Rogue One: A Star Wars Story | History of Star Wars


Andy Moser

Welcome to Spinnaker’s History of Star Wars! To celebrate the upcoming release of Episode VIII: The Last Jedi, we are looking back at the past seven episodes as well as Rogue One, all leading up to the review of the new movie. Every day from Dec. 7 to Dec. 15, a new review will be posted. So enjoy, and may the force be with you. Always.

With the sequel trilogy successfully kicked into gear, Lucasfilm was ready to begin rolling out a series of spinoff stories to further explore the Star Wars universe. The first of these was Rogue One, which tells the story of the ragtag team of rebels who stole the original Death Star plans and how they accomplished their mission.

Gareth Edwards, who earned praise for 2014’s Godzilla, directed the film. He and his writers, Chris Weitz and Tony Gilroy, had to find a way to introduce six brand new characters and develop them enough to where viewers care about them by the end of the movie. While two hours and 15 minutes may seem like an eternity for a movie, it’s really not a lot of time to accomplish such a task. Edwards and his team proved they were up for it, though.

Out of all the new characters, the key was Jyn Erso (Felicity Jones). When she was just a little girl, Orson Krennic (Ben Mendelsohn) takes her scientist father to work for the Empire, the likes of which he had just escaped. On the same day, she witnesses her own mother’s murder at the hands of Krennic and his Death Troopers. The beginning is not exactly as cheery, heartwarming, or hopeful as we’ve grown accustomed to with Star Wars.

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Indeed, Jyn’s story is truly tragic. She waits in a secret bunker (pretty much a big rock with a hole in it) for at least a day before she’s rescued by an old family friend, Saw Gerrera (Forest Whitaker), who just happens to be a scrappy and rebellious freedom fighter who hates the Empire, yet doesn’t necessarily agree with the Rebellion’s tactics either.

Beth Revis’ book Rebel Rising tells us that Saw looks after Jyn and teaches her how to fight, that is until he abandons her during the aftermath of one of their missions. From then on, she wouldn’t find any semblance of stability until she’s captured and imprisoned by the Empire, where we rejoin Jyn in the film.

Felicity Jones does a fantastic job with her character, conveying her toughness and cynicism that can only be gained through a decade of continual fighting and fleeing, rarely able to trust a single soul. Yet there’s a glimmer of hope in her eyes that she lets slip every now and again, oh so subtly, that lets us know the galaxy and its cruelty hasn’t frozen her heart completely.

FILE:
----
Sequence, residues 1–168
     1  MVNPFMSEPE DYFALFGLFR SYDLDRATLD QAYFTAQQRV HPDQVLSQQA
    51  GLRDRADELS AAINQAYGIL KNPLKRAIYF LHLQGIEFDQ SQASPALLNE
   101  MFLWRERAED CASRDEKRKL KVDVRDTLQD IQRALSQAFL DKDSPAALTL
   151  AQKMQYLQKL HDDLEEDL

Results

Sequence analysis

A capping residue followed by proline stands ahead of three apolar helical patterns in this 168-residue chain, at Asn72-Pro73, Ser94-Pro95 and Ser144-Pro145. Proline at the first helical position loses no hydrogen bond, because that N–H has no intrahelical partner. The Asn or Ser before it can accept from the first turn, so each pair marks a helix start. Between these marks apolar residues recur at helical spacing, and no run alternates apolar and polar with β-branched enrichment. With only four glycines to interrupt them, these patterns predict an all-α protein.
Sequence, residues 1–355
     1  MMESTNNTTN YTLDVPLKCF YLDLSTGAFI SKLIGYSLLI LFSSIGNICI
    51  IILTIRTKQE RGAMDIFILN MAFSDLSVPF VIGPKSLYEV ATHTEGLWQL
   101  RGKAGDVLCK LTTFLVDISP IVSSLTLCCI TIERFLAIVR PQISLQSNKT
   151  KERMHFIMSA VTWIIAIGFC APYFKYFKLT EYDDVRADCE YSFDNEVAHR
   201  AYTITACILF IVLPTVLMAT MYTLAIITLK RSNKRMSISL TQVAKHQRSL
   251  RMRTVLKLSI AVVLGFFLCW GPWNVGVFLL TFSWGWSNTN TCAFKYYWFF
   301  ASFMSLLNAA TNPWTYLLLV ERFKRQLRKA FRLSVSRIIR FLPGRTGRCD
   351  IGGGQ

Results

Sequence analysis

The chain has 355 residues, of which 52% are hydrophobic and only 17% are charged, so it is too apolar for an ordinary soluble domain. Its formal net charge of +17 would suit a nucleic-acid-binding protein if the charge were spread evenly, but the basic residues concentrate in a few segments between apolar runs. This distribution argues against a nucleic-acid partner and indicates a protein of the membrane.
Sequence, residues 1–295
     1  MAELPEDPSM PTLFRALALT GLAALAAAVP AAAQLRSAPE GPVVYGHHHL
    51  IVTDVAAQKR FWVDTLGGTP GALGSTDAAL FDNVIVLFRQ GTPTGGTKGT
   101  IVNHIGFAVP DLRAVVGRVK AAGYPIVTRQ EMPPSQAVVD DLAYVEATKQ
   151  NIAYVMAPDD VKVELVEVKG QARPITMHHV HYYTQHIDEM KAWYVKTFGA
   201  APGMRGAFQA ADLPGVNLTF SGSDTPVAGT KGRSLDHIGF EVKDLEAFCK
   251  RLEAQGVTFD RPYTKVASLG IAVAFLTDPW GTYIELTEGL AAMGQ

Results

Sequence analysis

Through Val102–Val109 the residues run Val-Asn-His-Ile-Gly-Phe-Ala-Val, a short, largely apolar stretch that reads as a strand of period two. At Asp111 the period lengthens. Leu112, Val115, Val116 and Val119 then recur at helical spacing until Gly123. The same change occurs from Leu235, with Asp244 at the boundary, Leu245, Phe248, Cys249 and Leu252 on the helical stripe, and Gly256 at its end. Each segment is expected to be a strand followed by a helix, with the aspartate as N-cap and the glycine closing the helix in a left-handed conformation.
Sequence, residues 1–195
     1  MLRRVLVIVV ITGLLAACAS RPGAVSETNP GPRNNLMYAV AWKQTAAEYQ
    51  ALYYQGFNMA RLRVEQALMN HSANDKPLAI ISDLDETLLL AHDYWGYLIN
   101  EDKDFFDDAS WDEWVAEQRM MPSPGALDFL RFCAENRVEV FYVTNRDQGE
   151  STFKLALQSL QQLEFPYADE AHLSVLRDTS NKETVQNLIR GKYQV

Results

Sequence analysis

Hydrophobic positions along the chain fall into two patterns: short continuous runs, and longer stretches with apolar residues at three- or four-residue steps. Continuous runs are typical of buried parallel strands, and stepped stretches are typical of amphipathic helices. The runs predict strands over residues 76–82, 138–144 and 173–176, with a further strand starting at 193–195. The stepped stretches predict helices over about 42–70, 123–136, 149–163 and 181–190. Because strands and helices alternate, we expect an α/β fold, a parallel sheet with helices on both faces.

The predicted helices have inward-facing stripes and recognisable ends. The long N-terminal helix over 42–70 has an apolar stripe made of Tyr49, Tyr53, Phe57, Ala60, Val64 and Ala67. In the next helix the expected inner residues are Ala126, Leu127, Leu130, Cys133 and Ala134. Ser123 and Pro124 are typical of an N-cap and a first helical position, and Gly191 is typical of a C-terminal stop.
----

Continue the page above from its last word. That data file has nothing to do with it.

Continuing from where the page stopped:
Not a bad character stands by her side, even though some are predictably underdeveloped. Every film needs a good droid, and we’re given that in K-2SO (Alan Tudyk), a wise-cracking, re-programmed Imperial. His character represents comic relief done right (side-eye to George Lucas).

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Each team member varies in their level of hope, but they all hold at least a spark that is gradually ignited over the course of the movie. Given the monumental task at hand, Edwards does a nice job of attaching us to his characters.

Bold, stunning visuals accompany the characters that will draw absolute wonder from the audience if nothing else. Edwards has a unique knack for scale and he is able to convey the enormous size of the galaxy in some breathtaking shots beautiful enough to wake the dead, you might say. Impeccable CGI is used to bring a character back whose actor has long since passed.

The film also treats us to a deliciously barbaric, vicious Darth Vader scene at the end that had me shimmering in pure joy. The scene capitalizes on an uproariously thrilling third act.

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Darth Vader in his prime is deserving of his own movie.

Rogue One proved to be a worthy story to tell thanks to Edwards and his talented cast, whose cultural diversity should be commended, especially when the importance of such representation is considered in the cultural heavyweight that is Star Wars. It’s dark yet gleaming, bleak yet just the perfect amount of optimistic. It filled a huge plot hole in A New Hope, and it brought me to the verge of tears along the way. This not-so-escapist fantasy is a dazzling entry in the Star Wars universe.


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